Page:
The Natwivity will give this famous story an immediate, real-life feel, transforming them from people 2,000 years ago to friends of the follower, who are going through the drama now. Followers will be able to read Mary's angst as she tries to come to terms with the birth of her child, and hear from the stunned shepherds after their encounter with a host of angels.
It's a harmonized Nativity story, featuring several tweets / status updates each day from different characters in the drama. It appears not to be in "real time" given that at the moment the story is focusing on the aftermath of the annunciation and Mary's visit to Elizabeth. There are no Biblical references supplied, so it might be a fun task to get your students to hunt down which parts are from Matthew, which are from Luke and which are from the tweeter's imagination.

There is a little mild humour too, e.g. the shepherds are currently washing their socks by night. Does this mean that in due course three kings of holly and tar will be appearing, one in a scooter, one in a car?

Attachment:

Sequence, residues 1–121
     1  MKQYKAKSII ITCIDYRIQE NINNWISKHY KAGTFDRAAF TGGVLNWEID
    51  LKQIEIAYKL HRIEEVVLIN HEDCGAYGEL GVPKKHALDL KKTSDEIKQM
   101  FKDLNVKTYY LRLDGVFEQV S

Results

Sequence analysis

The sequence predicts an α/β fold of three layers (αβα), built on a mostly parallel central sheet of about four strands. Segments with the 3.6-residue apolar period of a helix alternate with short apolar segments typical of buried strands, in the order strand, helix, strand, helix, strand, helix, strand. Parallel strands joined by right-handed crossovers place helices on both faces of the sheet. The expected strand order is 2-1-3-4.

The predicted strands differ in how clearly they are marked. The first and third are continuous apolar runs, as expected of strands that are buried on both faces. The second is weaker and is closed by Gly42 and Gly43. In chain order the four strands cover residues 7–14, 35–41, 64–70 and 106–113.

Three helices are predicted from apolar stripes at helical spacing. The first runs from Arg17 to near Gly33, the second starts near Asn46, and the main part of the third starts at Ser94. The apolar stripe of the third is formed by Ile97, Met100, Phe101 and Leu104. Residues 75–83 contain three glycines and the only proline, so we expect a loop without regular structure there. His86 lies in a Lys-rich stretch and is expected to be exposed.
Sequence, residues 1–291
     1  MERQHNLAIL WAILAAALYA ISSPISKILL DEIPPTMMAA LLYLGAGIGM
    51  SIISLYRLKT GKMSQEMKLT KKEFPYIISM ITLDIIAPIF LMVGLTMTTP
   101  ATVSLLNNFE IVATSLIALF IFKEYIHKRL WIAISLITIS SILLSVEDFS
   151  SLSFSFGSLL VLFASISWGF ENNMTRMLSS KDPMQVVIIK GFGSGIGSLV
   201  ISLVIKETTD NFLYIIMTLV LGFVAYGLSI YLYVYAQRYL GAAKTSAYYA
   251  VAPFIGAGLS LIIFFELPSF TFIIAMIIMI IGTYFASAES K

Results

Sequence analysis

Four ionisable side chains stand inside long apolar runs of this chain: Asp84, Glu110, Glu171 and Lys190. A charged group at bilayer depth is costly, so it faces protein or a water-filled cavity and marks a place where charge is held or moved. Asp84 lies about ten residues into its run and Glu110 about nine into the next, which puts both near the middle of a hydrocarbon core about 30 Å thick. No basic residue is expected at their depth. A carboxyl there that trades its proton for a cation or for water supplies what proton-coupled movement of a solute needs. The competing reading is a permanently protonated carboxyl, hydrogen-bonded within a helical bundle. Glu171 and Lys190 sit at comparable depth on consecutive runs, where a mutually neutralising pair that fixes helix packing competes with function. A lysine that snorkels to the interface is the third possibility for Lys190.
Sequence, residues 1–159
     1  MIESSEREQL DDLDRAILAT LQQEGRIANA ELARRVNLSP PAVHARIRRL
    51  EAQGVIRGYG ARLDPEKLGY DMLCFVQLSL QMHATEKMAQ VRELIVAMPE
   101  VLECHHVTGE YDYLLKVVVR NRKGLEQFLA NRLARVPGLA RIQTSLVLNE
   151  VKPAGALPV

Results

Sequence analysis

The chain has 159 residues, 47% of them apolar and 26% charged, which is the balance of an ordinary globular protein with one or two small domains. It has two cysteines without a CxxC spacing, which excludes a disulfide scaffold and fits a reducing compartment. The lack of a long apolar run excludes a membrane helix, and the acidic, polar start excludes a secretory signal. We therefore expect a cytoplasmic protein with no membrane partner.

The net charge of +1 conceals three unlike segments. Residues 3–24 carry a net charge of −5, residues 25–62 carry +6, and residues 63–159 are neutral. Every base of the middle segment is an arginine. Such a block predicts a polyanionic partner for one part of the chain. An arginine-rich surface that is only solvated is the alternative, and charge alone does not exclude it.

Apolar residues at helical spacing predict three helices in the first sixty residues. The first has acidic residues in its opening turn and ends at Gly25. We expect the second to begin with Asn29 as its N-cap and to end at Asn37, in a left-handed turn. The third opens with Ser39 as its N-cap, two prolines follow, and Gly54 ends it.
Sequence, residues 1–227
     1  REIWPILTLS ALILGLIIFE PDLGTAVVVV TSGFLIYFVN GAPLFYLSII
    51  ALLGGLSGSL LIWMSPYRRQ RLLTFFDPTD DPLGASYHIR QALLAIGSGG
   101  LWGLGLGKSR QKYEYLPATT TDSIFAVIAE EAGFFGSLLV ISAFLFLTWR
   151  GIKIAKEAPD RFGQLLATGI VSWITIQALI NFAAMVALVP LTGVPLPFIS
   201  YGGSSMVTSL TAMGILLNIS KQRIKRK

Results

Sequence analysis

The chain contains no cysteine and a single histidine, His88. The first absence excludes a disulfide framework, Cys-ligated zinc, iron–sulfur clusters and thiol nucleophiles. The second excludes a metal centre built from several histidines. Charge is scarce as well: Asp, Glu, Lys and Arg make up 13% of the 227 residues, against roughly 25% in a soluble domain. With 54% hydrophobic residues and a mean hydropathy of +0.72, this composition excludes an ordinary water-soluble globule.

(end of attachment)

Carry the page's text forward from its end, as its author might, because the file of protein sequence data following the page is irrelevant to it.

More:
HT: Richard Goode.

John Bowden

I was sorry to read today on the T & T Clark Blog and Jim West's blog of the death of John Bowden.  I used to meet John from time to time in Birmingham when he was a tireless worker for SCM Press and his authors.  The chances are that even if you had not realized, you have read a Bowden translation -- Martin Hengel, Gerd Lüdemann, Hans Küng, Gerd Theissen, -- all these were his authors.  Sometimes his translation and publication work was so speedy that he would get the SCM edition of a book out more quickly than the Germans managed!  It's a great loss.

Thursday, December 02, 2010

My Favourite Qs

I am always surprised when people expect me to want to denigrate Q. As it happens, I am a big fan of Q -- I even "like" it on Facebook.   So it is good to see Jim Linville bringing up the question of the existence of Q as a possibility for a Science Fiction section at the Society of Biblical Literature in San Francisco next year.  And James McGrath invokes my name in the expectation that I may not be convinced.